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What’s the job outlook for mechatronics engineers?

A bachelor’s degree in mechatronics engineering, prepares you with the necessary skills to research, design, develop, or test automation, intelligent systems, smart devices or industrial systems control.

mechatronics engineering jobs

These skills open a wide range of career paths.

Search for mechatronics engineer jobs online and you’ll often land on websites listing mechanical engineering jobs. That’s because many of the skills a mechatronics engineer uses overlaps with those of a mechanical engineer. We previouslywrote about the differences in these two types of engineering.

The good news for mechatronics engineering graduates is that they have more career options than mechanical engineers.  

The article, 7 of The Most In-Demand Engineering Jobs for 2019, says the automation and robotics engineer is the second most in-demand engineer, and mechatronics engineers can fill this role. Other job titles a mechatronics engineering graduate should consider include:

  • automation specialist
  • controls engineer
  • equipment engineer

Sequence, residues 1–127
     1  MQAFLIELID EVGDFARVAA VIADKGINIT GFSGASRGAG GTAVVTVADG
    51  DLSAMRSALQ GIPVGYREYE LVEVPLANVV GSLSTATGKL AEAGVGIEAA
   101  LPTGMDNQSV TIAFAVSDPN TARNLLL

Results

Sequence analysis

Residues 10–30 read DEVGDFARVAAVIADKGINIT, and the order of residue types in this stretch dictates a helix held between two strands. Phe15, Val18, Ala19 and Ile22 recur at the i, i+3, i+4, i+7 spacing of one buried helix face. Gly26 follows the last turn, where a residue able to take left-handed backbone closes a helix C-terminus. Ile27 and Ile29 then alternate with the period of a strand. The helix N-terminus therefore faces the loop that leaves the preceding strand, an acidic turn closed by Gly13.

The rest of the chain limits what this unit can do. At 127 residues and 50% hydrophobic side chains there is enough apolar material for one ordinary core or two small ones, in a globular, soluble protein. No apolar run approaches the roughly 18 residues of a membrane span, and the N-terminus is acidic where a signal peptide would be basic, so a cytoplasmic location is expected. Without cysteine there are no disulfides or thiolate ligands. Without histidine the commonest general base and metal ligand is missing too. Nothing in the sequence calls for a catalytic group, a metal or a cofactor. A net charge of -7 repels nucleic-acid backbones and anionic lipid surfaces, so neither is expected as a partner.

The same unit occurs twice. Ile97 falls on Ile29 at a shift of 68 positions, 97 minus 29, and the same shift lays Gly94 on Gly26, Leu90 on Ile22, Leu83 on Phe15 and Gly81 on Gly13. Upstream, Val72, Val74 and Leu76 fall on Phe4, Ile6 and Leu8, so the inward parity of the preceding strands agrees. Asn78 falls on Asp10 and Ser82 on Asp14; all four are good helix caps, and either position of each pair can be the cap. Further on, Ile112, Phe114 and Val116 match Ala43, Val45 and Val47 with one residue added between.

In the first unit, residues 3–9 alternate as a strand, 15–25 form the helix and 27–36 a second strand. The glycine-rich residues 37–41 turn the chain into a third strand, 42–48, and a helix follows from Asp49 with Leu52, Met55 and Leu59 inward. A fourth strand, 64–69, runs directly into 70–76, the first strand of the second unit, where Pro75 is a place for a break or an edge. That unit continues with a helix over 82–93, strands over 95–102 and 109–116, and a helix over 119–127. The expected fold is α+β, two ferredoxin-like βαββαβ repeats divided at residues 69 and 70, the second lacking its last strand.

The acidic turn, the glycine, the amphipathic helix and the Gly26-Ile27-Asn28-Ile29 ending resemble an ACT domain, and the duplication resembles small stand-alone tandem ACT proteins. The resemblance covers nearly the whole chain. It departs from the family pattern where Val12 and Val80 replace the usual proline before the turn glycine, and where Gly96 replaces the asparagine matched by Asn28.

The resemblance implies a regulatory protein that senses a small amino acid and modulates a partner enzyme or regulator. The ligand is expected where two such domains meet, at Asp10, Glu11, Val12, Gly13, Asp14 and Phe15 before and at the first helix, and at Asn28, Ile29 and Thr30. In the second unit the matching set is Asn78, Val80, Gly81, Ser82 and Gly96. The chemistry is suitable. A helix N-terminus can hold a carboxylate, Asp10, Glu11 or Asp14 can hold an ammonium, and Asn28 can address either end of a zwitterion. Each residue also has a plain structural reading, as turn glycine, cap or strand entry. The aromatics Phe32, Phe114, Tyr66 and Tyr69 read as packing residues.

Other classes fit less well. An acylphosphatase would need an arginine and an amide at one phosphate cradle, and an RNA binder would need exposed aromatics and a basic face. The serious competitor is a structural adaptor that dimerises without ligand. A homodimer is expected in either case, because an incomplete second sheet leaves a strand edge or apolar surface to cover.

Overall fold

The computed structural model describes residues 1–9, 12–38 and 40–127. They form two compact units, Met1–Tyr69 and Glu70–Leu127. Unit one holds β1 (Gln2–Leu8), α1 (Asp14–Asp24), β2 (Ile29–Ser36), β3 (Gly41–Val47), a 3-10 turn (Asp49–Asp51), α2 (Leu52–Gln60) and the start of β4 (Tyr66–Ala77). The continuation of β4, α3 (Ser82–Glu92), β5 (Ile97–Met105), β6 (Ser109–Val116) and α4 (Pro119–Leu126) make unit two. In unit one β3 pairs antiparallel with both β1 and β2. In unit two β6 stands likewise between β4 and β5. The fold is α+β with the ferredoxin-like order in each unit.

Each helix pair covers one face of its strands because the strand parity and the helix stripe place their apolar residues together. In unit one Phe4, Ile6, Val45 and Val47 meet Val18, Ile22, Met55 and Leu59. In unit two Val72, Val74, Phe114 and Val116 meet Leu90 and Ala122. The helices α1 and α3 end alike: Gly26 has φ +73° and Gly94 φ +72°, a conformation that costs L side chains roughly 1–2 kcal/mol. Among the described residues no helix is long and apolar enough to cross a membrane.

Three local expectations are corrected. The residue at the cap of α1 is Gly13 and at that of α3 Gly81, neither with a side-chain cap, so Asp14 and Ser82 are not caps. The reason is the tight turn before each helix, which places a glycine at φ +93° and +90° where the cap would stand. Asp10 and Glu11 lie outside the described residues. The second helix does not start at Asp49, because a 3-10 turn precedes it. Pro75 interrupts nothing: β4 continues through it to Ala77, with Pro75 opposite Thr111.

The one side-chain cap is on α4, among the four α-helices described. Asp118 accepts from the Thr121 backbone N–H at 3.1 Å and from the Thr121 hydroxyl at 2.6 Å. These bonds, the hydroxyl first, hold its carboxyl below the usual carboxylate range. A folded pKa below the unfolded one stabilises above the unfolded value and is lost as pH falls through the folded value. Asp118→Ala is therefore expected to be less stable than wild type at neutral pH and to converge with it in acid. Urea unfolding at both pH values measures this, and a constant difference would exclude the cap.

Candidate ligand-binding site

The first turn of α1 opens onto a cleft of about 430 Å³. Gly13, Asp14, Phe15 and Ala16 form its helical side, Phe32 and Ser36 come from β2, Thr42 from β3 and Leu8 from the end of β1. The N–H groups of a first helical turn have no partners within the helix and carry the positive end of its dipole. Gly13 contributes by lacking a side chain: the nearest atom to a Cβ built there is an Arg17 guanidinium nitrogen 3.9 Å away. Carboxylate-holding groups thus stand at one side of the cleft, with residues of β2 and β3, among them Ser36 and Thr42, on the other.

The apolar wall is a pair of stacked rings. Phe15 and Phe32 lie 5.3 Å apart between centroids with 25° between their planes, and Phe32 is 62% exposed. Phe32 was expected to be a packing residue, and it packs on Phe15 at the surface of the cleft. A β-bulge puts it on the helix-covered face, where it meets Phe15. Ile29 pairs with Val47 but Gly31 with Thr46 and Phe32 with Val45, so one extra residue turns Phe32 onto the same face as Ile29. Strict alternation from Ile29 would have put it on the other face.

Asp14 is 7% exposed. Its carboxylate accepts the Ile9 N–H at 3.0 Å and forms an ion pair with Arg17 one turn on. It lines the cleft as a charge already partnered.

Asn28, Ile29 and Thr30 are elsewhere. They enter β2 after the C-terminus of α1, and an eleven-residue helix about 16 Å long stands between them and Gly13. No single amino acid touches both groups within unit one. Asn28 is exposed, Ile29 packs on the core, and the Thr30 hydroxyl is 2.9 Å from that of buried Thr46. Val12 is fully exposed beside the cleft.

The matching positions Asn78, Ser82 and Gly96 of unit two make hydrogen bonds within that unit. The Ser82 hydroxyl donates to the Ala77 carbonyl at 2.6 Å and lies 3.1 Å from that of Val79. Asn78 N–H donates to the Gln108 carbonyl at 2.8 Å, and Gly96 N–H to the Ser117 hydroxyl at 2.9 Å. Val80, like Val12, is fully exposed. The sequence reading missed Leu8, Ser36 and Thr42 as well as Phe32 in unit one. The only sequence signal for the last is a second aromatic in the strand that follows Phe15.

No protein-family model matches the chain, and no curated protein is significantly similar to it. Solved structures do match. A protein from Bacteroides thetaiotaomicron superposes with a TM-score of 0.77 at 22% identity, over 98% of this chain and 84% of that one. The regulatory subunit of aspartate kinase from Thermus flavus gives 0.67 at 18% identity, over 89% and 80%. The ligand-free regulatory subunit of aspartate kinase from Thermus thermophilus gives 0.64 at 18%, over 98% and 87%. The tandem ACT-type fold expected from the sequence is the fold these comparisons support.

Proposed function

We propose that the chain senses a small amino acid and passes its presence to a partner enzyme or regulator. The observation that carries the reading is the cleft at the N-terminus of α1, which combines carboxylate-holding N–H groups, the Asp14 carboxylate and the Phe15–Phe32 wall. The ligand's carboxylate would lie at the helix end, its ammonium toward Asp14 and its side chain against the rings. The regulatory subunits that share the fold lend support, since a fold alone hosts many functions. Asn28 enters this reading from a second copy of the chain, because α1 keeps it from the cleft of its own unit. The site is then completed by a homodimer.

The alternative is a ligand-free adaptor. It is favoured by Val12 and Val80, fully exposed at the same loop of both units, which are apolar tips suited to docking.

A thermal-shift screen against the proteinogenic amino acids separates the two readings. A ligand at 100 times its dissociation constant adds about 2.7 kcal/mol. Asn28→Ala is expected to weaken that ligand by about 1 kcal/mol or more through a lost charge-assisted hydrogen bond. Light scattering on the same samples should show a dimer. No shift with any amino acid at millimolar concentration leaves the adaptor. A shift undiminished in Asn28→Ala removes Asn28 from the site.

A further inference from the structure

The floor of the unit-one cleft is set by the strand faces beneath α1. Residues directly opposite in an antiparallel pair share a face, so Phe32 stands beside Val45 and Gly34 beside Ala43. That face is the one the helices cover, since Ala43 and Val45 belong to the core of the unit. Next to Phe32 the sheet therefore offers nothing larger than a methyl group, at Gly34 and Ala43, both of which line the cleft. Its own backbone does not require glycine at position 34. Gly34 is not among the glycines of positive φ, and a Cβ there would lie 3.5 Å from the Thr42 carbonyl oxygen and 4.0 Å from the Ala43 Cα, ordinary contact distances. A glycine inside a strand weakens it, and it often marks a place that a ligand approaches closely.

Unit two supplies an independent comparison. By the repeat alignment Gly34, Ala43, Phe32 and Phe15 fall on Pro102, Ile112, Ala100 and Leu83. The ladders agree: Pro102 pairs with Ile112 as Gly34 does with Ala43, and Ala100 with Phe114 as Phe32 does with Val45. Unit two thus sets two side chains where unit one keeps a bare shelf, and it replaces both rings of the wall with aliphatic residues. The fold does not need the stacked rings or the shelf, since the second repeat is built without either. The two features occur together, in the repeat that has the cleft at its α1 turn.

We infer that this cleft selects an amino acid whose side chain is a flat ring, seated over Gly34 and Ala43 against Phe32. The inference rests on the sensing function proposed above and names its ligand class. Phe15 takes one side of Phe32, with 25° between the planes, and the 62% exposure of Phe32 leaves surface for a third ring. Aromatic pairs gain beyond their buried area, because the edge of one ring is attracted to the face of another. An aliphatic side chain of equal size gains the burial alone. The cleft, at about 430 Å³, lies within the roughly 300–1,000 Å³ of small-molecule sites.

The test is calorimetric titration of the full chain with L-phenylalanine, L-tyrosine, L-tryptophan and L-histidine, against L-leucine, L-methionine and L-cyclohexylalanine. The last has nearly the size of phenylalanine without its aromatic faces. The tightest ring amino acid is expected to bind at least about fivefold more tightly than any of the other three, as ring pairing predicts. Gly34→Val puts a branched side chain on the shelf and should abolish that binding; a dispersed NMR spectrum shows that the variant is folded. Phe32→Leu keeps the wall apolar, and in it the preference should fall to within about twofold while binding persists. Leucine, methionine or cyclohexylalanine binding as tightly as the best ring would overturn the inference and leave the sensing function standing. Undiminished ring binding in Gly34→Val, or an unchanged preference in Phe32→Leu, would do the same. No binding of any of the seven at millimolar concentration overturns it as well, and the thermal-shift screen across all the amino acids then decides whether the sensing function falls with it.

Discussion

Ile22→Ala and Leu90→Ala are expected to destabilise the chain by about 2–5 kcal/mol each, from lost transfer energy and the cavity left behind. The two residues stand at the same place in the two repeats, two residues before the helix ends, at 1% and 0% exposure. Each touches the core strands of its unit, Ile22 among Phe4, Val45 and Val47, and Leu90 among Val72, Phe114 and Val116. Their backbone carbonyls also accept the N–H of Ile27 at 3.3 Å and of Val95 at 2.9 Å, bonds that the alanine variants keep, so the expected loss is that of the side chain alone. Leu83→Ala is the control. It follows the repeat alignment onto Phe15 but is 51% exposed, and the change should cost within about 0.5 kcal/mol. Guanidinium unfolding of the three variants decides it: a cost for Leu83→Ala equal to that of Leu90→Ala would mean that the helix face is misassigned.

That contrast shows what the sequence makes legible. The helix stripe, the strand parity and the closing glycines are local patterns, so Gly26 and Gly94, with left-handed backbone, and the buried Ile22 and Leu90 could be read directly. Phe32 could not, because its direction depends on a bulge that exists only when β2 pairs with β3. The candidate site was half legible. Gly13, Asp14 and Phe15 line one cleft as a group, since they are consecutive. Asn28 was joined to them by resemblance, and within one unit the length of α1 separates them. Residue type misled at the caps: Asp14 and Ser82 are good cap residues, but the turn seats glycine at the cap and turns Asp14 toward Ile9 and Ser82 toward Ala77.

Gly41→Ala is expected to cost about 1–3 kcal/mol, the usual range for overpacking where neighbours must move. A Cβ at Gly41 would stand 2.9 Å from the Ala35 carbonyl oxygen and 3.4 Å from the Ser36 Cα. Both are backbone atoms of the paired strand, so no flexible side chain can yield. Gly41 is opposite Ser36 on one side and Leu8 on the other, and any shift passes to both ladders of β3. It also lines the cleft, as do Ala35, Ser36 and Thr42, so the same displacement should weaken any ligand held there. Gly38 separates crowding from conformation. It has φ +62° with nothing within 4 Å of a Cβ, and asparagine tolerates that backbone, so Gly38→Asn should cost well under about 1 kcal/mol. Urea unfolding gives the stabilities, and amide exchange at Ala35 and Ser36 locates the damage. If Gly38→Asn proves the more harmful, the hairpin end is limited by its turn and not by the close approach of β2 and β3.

• instrumentation engineer
  • process engineer
  • robotics technician 
  • senior design engineer

Since mechatronics is a relatively new field, the Bureau of Labor Statistics doesn’t have any data on salary or job projection specifically for mechatronics engineers, but the U.S. Department of Labor says the total number of all engineers in the United States will increase from 1.68 million to 1.82 million by 2026.

According to the job search engine Glassdoor, the median salary for a mechatronics engineer is $103,810, and some salaries for this type of engineer are reported to be as high as $239,200. Obviously, the higher salary figure is for a mechatronics engineer who has years of experience, but that high salary shows the growth potential in this career.

Back in 2011, Alan S. Brown, the associate editor for the Society of Mechanical Engineers wrote an article called, Mechatronics and the Role of Engineers. He wrote that manufacturing companies want, “students trained to integrate electronics, controls, computers, and moving parts. For them, this is not just where engineering is going. It’s where engineering has arrived.”

Now, nine years later, that prediction has come true.